Look at them, all rolled up, shiny and un-pilled.
Look at them, mocking me with their floppy cuffs and dropped stitches that weren’t discovered until the ends were woven.

I probably wouldn’t have found it so difficult to complete this project if I didn’t overcommit with knit-alongs and gift knitting, etc.  But, it’s done and I’m pleased to say that every pair fits perfectly, at least in the foot.  It’s just those toe-up cuffs that seem loose.

This occasion called for a special box, so I gathered some of my yarn labels and decoupaged them to an old Gola shoe box.  I truly did feel like a weirdo after that quick little project turned into hours of tediousness, with glue all over my fingers and a crick in my neck.

Had I realized another knitter had already glued yarn labels to her box, I wouldn’t even have finished.  But, I’m kind of glad I did because they were just taking up space in my supplies box and it’s nice to have a readily visible memento of the yarns I’ve used.  A couple are even from ones I haven’t used yet.  I may regret doing that…

Mine is also a little different in that these are many labels I’ve been saving for years, from all sorts of yarn.  It’s not BoxoSox-specific.  It also required many, many layers of Mod Podge.  (Insert Eyeroll)

Here’s the rundown on my Year of the Sock:
I tried to hit on most of the techniques I’d heard of, and a few I hadn’t.  At first, it was just a basic cuff-down (Graynbow socks).  Then I broadened to knitting toe-up and two-at-a-time (Two at Once, Toe Up, Magic Loop socks).  For those, I also did a new cast on that involved knitting into the purl bumps of half the usual amount of stitches in order to easily get started with magic loop.

I took a break from regular socks to knit myself and my husband lopi house shoes.  This was a true break, as it was bulky and rustic yarn- completely different in my hands (Inniskór Slippers).  They didn’t really qualify for the Box o Sox KAL, but to me they completely count.

I wanted to try patterns that intimidated me a little, with all of the cables and lace (Springtastic Socks, Wildflowers and Honeycomb, and Fine and Dandy).  It was in doing this that I realized a 56 stitch count sock fits me best, but if more are necessary for a pattern, they look fine when it’s a shorter length sock.  I also decided I like shorter 4″ cuffs best.

I tried contrast heels/ toes/ and cuffs (Wildflowers and Honeycomb, Fine and Dandy, Confetti and Champagná) and even did a weird thing by cutting a self-striping yarn to sort of get a contrast heel.  That was a mess.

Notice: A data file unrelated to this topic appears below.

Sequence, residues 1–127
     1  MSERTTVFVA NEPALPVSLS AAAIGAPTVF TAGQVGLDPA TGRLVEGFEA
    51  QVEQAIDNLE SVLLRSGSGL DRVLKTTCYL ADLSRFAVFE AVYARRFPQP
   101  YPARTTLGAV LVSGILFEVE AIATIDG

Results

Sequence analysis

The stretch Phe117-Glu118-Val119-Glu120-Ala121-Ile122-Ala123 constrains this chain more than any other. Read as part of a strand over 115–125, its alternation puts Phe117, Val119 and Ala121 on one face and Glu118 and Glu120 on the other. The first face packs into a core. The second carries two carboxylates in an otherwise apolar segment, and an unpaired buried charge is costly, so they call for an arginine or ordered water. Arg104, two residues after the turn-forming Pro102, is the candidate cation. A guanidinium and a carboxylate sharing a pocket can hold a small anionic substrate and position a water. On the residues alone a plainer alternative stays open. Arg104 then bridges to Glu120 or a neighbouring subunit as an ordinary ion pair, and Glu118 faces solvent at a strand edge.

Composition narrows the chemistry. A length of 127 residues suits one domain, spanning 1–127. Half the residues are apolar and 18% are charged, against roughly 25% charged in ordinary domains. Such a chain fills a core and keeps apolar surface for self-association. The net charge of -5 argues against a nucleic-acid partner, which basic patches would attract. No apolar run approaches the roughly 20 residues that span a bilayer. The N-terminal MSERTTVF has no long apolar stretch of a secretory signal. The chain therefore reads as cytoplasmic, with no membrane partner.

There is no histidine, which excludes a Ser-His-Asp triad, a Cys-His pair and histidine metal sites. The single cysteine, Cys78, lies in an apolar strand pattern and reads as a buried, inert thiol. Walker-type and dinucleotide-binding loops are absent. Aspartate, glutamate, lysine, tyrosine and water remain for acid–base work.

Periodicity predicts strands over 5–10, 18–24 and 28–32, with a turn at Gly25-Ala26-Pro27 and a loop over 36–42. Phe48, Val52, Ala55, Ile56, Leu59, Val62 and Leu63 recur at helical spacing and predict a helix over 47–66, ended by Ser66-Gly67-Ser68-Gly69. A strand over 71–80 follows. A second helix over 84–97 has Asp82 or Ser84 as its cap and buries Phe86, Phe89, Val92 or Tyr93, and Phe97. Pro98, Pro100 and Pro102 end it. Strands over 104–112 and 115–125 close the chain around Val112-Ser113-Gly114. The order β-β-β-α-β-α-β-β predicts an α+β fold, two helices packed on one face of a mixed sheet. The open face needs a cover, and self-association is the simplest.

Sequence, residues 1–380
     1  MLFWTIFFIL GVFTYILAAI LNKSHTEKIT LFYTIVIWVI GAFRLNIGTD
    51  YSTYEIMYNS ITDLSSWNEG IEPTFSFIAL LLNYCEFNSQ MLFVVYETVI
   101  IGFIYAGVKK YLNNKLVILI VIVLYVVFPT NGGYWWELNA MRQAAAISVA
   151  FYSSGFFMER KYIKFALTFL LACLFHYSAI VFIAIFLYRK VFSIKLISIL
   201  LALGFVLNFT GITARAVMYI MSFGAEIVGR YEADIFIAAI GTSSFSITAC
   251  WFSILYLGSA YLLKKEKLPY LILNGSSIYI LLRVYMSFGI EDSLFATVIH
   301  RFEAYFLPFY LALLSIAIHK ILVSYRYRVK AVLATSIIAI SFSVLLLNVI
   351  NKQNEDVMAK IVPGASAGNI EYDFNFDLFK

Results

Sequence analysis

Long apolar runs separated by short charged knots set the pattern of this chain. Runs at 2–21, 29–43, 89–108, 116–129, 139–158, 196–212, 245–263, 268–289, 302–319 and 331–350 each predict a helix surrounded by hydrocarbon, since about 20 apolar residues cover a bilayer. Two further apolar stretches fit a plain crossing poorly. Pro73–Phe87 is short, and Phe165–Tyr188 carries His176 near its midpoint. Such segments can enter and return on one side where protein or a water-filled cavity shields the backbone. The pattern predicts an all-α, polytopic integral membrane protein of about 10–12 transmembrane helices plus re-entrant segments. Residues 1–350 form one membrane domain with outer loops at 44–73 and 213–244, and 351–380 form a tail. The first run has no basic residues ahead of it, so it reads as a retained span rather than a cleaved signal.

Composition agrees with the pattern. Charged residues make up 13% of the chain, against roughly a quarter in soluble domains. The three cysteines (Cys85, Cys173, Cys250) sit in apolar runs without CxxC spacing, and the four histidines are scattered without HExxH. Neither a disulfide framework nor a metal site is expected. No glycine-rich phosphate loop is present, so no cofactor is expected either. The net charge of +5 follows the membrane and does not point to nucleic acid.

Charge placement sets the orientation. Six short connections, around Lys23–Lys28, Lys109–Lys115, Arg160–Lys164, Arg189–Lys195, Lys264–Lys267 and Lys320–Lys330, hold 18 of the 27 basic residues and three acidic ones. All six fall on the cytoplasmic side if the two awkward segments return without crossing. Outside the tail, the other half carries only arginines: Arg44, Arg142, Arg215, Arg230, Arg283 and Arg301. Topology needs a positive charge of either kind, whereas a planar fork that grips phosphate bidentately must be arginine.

I enjoyed using variegated yarn for vanilla socks (Hydrangea Socks, Shield Maiden Socks,  I Heart Bees and Vintage Christmas Socks) and for the most patterned sock I’ve ever seen (Springtastic Socks).  And I liked it.  Then there were speckled socks (Speckled Space Socks), which I’ve always wanted to knit.

There were stripes aplenty this year and I’m sure there’ll be more in my future, especially since learning the afterthought heel.

Somewhere along the way I decided to order a 9″ circular and try it on a stockinette sock (Hydrangea Socks).  I didn’t even make it halfway through the first sock.  It was like begging for arthritis.  Size 0 or 1 circulars are torturous enough for me.  So, it’s magic loop for me from now on and, since realizing I knit each of my I Heart Bees socks using a different needle size, I decided I do better when knitting both socks at once.

The Smooth Operator Socks pattern gave me plenty of practice with that technique.  It’s meant to make knitting a “vanilla” sock as easy as possible.  There were a lot of variations to try within the pattern, so I first tried the basic, long version of the pattern, which includes afterthought heels.  (Confetti and Champagná).  For this I learned to properly cast on two 56 stitch cuffs for knitting at once.  I don’t know why I never took the time to do it all at once before this.

The next time, I added self-striping heels on self-striping socks and did them with a no-Kitchener method (Gynx’s Palette Socks).  Next there was the no-Kitchener toe and gap-less afterthought heel (Shield Maiden Socks).  And lastly, I applied most of those techniques to a pair of toe-up socks (Vintage Christmas Socks).

So, I think I learned about 4 different heel methods: regular slip stitch, eye of partridge, a horizontal slip stitch, and afterthought heels.

There were three toe methods, too: Kitchener, that odd, even decrease, and the no-Kitchener method.  (Neither of the last two require a Kitchener stitch.)

All of this is to say that I have my own personal sock recipe. Me!  I remember reading about other knitters formulating them and thinking there was no way I’d ever be that comfortable knitting socks.  I thought I’d always be glued to a pattern and walking around in floppy socks.  Apparently, I’ll just be walking around with floppy cuffs.  A win!

My Sock Recipe, because this blog is where I store things:

I prefer size US 0 circulars, sport weight sock yarn or a plump fingering weight.

If I’m planning on doing a contrast heel I figured I need 7g of a different yarn.  I’ll need no more than 20g to do cuffs and toes too.
If I’m using a different portion of the same self-striping yarn as a contrast heel, I should unwind it from the ball before casting on.

I cast on 56 stitches for my feet.
My actual foot is 9 3/4 ” from toes to back of heels.

For toe-up socks:

Judy’s Magic Cast-on, possibly two at a time.  But I did try knitting into the purl bumps of a 12 stitch cast on the create 24 sts.  This makes two-at-time, magic loop easier.